WASHINGTON — A normothermia/antishivering protocol improved temperature control and lowered in-hospital mortality among patients with severe traumatic brain injury, according to researchers.
Patients treated with the protocol had more consistently maintained normothermia — defined as a body temperature between 97.5° and 99.5° F — compared with controls (53% vs. 39%, P= 0.0009), Deborah Green-LaRoche, MD, of Tufts University Medical Center in Boston, said during a poster session.
Fever is common but serious in patients with severe TBI, and is associated with worse outcomes and longer stays in the intensive care unit, but little data is available on the benefits of aggressively maintaining normothermia in this population.
“The duration and degree of temperature elevation may have a dose-dependant association with functional outcome,” the researchers said.
So Green-LaRoche and colleagues performed a retrospective study to evaluate the effect of an induced normothermia/antishivering protocol among 29 cases with severe TBI and 51 controls during two predetermined 18-month periods after the hospital intervention was instituted (June 2012 to December 2013 and June 2009 to December 2010, respectively).
The most common reasons for TBI were car accidents, falls and being hit by cars. The normothermia/antishivering protocol utilized the Arctic Sun Temperature Management System, and consisted of wrapping a patient’s thighs and torso with a gel-like foam pad and setting the appropriate temperature via a computer console.
Patients were also given acetominophen, meperidine (Demerol) and buspirone (Buspar) to control shivering and had a warming blanket placed over their hands and extremities.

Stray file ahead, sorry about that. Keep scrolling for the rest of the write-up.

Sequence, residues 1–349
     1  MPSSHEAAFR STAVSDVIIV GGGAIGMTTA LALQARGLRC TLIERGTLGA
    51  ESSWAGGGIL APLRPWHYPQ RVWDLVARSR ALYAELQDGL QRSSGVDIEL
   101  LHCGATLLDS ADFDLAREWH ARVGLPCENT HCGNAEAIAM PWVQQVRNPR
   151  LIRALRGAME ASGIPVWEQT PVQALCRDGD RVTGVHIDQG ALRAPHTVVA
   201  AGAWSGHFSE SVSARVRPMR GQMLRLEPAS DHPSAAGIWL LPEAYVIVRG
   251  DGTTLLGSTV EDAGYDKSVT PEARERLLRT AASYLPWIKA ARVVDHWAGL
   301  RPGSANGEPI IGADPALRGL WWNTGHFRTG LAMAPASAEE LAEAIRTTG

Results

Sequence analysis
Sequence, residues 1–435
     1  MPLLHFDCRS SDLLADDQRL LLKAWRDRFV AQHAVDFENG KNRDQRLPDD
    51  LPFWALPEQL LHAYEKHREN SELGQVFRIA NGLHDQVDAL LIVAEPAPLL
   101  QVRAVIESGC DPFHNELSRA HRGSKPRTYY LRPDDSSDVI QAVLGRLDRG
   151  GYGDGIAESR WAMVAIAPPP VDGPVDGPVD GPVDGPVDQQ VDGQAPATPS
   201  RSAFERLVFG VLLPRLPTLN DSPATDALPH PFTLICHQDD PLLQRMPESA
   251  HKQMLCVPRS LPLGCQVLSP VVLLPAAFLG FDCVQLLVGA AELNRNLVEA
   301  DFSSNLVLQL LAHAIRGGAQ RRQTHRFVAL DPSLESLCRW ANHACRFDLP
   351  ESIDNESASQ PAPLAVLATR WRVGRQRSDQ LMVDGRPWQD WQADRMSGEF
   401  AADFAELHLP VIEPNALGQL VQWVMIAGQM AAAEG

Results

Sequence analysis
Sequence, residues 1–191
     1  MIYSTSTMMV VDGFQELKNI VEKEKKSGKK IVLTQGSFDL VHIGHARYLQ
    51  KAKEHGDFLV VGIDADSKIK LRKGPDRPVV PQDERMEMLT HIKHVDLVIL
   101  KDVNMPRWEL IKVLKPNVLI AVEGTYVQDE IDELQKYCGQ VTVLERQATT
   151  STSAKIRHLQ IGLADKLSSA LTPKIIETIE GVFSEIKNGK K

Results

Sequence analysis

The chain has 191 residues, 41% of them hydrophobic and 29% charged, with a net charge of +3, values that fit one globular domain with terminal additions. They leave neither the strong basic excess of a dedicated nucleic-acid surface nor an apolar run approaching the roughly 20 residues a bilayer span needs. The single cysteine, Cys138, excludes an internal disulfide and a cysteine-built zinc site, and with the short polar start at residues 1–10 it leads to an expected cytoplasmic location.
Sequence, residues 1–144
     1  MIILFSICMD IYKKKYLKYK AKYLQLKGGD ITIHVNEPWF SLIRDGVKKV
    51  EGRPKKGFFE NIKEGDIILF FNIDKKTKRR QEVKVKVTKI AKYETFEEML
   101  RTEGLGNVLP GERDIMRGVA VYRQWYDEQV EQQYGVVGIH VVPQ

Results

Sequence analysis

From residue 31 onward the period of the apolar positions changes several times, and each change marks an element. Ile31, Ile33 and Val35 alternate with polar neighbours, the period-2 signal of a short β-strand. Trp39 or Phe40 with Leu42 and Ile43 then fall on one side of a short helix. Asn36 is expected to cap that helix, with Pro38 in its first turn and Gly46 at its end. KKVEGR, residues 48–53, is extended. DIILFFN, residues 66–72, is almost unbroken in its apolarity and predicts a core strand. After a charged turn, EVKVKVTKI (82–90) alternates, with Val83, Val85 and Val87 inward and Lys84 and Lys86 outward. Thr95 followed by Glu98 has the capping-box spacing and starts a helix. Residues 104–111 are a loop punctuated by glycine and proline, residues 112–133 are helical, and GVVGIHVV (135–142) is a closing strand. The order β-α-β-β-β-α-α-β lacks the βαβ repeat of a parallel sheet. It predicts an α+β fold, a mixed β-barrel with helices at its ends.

Although stays in the intensive care unit (ICU) were longer among case patients than controls (17.3 vs. 12.3 days; P=0.03), in-hospital mortality was significantly lower (6.9% vs. 33.3%; P=0.007), the researchers found.
While not markedly different at hospital discharge, good functional outcomes (as assessed by Rankin Scale Scores ≤2) were more common among the induced normothermia group at follow-up clinic visits.
The proportion of recorded intracranial pressures <20 mmHg was the same (85%) for the two groups.
Arctic Sun was used more consistently among cases than controls (53% vs. 40%; P=0.01). Patients in the case group were also more likely to receive buspirone and meperidine, but acetaminophen use was similar for both groups.
The small patient population and single-site study design are limitations to the current findings. “One confounding factor may be an overall more aggressive approach to treatment of the severe TBI patient during the latter time frame,” according to the researchers.
They called for a larger multicenter study to confirm the benefits of aggressively maintaining normothermia.
- Green-LaRoche DM et al. #P7.168. “Induced Normothermia in Severe Traumatic Brain Injury Patients.” Presented at: AAN 2015. Washington, DC. April 18-25, 2015.